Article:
The Horizon MC12000 Has Arrived In Dealers' Stores!
See The Video: First Reactions To The New Machine
Last Saturday thousands of you got a first look at and "test drive" on the Horizon Memory Craft 12000.
There were arrival parties at Janome Dealers all across the country and we've already been hearing some great stories.
One of those parties was out west in Eugene, Oregon at Paramount Sewing & Vacuum. Owner Karen Burdick had customers drive significant distances just to try the MC12000 for themselves.
Watch the video to see see their first reactions. (Hint: nobody was disappointed.)
Then find your nearest Horizon Memory Craft 12000 certified Janome Dealer and do your own test run.
Check It Out: Halloween Hostess Apron at Sew4Home
Ghoulishly gauzy... creepy yet cute!
Our friends at Sew4Home have posted an adorable retro hostess half-apron just in time for Halloween parties. A blend of crisp cotton and frothy organza, this project is a great one to practice your narrow hems and sheer fabric stitching. It features The Ghastlies, a spectacularly spooky print from Alexander Henry Fabrics.
Remember, switching to a straight stitch needle plate or using the Automatic Plate Convertor features on models like the Horizon 7700QCP or the Memory Craft 5200 helps keep tricky, lightweight fabrics, like organza, stay flat and smooth.
Horizon Memory Craft 12000: Have You Checked With Your Certified Janome Dealer?
See the new machine in person this Saturday. At certified dealers only.
This Saturday, October 1st, you are finally going to get the chance to see the new Horizon Memory Craft 12000 in person--and give it a try.
Just make sure your dealer will have the machine in his or her store.
Only Janone Dealers who have been certified on the new MC12000 will have them on Saturday. If you've received a postcard or email from your dealer telling you they will have the machine, you'll be fine. The majority of dealers have gone throught the necessary training to be able to demonstrate all the features on the machine and answer your questions.
But if you haven't heard from your dealer, find them on our Dealer Locator and see if they have the Horizon Memory Craft 12000 certification banner next to their store name.
Then you might want to call or email them to find out what time they'll be revealing the new machine.
If you don't have a favorite Janome Dealer who's certified on the MC12000, you can find the closest one on our Dealer Locator.
Janome Poll Results: How Do You Feel About Sergers?
Some people are afraid of them. Some can't live without them.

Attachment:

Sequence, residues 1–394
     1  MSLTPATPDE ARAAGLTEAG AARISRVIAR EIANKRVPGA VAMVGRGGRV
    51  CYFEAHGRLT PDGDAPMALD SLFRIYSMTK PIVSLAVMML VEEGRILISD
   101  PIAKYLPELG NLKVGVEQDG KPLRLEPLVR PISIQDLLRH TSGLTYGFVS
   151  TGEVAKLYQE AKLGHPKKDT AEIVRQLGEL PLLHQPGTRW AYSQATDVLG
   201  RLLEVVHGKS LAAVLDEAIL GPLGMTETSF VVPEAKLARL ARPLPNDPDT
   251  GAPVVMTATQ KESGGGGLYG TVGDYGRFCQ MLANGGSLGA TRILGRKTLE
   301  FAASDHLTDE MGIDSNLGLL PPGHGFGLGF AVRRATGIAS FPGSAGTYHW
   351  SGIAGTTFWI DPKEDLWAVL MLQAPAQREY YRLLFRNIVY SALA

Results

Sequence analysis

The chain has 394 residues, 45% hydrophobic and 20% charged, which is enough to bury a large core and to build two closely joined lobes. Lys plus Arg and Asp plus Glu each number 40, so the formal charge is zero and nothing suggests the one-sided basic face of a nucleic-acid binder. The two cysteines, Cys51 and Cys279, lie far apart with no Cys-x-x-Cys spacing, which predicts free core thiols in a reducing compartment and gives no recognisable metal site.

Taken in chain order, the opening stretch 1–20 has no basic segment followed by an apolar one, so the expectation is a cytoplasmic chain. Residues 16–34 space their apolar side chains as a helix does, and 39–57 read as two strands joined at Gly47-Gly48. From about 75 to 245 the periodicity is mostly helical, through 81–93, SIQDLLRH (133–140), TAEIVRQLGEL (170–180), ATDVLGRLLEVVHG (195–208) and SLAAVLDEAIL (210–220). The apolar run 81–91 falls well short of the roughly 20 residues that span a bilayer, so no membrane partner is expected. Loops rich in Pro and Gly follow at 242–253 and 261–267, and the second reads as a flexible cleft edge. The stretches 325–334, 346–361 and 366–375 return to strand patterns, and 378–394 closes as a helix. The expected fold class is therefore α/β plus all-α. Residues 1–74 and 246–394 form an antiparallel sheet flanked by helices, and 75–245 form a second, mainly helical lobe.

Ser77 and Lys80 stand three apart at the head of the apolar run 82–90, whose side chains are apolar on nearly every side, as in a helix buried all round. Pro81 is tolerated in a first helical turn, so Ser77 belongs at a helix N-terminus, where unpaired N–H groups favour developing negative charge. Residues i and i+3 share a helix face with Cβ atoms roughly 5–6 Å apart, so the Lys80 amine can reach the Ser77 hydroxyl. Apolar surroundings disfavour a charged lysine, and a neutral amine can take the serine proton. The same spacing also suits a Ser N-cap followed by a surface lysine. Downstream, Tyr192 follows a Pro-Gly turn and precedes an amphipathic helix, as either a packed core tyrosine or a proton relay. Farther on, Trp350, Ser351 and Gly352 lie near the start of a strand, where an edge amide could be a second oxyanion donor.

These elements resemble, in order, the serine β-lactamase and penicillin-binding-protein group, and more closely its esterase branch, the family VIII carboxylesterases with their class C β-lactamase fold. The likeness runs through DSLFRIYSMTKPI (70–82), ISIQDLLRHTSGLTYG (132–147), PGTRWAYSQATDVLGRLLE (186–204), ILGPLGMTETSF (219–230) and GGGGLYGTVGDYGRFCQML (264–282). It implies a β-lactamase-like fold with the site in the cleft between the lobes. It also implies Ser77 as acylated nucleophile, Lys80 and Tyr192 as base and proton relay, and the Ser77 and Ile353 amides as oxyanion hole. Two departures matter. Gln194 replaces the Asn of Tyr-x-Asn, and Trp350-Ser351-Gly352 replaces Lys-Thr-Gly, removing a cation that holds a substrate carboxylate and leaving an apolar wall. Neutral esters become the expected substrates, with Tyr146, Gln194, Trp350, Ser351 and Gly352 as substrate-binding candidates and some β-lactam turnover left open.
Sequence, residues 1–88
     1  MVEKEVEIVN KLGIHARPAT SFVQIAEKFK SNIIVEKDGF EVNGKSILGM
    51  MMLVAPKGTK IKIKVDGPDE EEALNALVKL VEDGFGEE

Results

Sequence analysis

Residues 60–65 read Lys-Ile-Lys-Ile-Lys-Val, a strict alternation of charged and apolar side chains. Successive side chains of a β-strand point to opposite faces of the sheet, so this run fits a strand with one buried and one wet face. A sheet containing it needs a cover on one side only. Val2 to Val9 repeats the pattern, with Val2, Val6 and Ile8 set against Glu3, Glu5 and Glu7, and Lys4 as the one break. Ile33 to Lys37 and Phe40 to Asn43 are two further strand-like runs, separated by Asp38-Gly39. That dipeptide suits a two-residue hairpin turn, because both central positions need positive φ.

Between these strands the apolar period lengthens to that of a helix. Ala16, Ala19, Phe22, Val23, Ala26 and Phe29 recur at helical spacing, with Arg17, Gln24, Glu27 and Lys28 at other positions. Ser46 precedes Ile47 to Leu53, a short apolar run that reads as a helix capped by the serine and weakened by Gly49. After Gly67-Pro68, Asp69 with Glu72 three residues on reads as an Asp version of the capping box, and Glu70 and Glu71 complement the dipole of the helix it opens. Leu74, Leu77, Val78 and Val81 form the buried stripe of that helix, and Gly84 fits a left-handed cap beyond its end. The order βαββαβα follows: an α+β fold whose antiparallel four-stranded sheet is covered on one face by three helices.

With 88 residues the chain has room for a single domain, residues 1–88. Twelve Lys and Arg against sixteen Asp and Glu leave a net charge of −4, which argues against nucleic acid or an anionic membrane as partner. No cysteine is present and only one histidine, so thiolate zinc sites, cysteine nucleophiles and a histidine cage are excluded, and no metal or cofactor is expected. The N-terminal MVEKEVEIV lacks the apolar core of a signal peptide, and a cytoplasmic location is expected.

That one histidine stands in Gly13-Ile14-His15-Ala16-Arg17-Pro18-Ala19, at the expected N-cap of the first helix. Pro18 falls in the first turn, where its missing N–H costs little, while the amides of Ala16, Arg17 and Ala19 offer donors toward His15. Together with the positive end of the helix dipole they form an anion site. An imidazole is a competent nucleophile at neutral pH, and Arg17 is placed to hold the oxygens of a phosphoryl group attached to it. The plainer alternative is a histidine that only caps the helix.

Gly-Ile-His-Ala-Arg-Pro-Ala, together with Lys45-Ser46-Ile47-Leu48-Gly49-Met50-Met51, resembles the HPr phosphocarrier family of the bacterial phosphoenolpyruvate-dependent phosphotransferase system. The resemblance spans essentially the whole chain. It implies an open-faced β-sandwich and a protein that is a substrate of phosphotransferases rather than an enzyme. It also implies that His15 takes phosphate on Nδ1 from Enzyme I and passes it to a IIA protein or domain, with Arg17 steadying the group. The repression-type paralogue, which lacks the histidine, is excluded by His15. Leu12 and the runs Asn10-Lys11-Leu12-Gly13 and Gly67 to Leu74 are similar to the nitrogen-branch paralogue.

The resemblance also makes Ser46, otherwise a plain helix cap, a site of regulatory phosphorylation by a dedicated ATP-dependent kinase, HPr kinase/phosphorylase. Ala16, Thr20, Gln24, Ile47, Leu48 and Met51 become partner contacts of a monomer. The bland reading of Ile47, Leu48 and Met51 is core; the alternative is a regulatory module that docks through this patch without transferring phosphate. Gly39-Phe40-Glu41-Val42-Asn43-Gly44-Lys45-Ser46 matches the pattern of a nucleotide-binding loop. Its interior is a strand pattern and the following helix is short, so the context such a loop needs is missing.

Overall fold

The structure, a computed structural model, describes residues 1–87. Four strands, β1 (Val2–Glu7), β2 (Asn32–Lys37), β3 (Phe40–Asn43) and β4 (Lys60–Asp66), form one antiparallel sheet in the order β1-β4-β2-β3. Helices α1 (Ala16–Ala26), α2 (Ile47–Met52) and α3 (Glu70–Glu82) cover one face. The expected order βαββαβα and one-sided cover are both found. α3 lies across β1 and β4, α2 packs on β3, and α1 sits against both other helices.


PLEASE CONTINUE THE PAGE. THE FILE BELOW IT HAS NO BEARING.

Sewists can have strong feelings about sergers. Last week we asked you to tell us how you feel about them. We got votes on a range of answers from "I have one" to "I'm scared of sergers."
Two possible answers got no votes at all: "I don't need one because I have a coverstitch machine" and "I don't like sergers and will never get one." In the past few years sergers have gotten much easier to thread and to keep running with the proper tension. So there's really no need to dislike them.
Video: Sewing On Beads With The Narrow Base Zipper Foot
This foot allows you to get in close enough to attach various decorative accents.
The Narrow Base Zipper Foot (also called Zipper Foot - Narrow Base) can be moved from side to side. It allows you to get in close to sew on zippers, thick cording, and beads that are attached to a ribbon.
Sewing On Beads Attached To A Ribbon
- Attach the Narrow Base Zipper Foot to your machine. Loosen the screw on the right and slide the foot to the right of the needle.
- Sew along close to the edge of the ribbon and your stitching won't show.
To see this demonstrated, watch Zipper Foot - Narrow Base (High Shank) Video: Sewing On Beads.
The Narrow Base Zipper Foot shown in the video is for high shank sewing machines. There's also a Narrow Base Zipper Foot for low shank machines. Your Janome Dealer has both kinds and will help you make sure you have the right one for your machine.
Fabric Trends For Fall 2011: What Are They Predicting?
These are the kinds of materials showing up on the runways.
A little while ago we linked to predictions of what Fall's big color trends will be. Today, we're looking at predictions for fabric. With our shortened fashion cycles, it won't be long before (some) runway trends are showing up in the pattern catalogs.
BecomeGorgeous.com has a report on what fashion designers are showing. We've paired each kind of fabric with the presser foot or other accessory you'll need to sew them.
Shearling (sheepskin that's been recently shorn)
Quote: "This is probably the hottest must-have fabric trend of the season."
Sewing Tip: Use a Leather Needle and sturdy upholstery thread.
Fur (often faux)
Quote: "Furry footwear, furry skirts and pants, and even a head-to-toe furry outfit, Yeti-style, could be seen at the Chanel runway show."
Sewing Tip: Use a Universal Needle and standard foot.
Checking In With The Janome Gals + A Couple New Charitable Sewing Ideas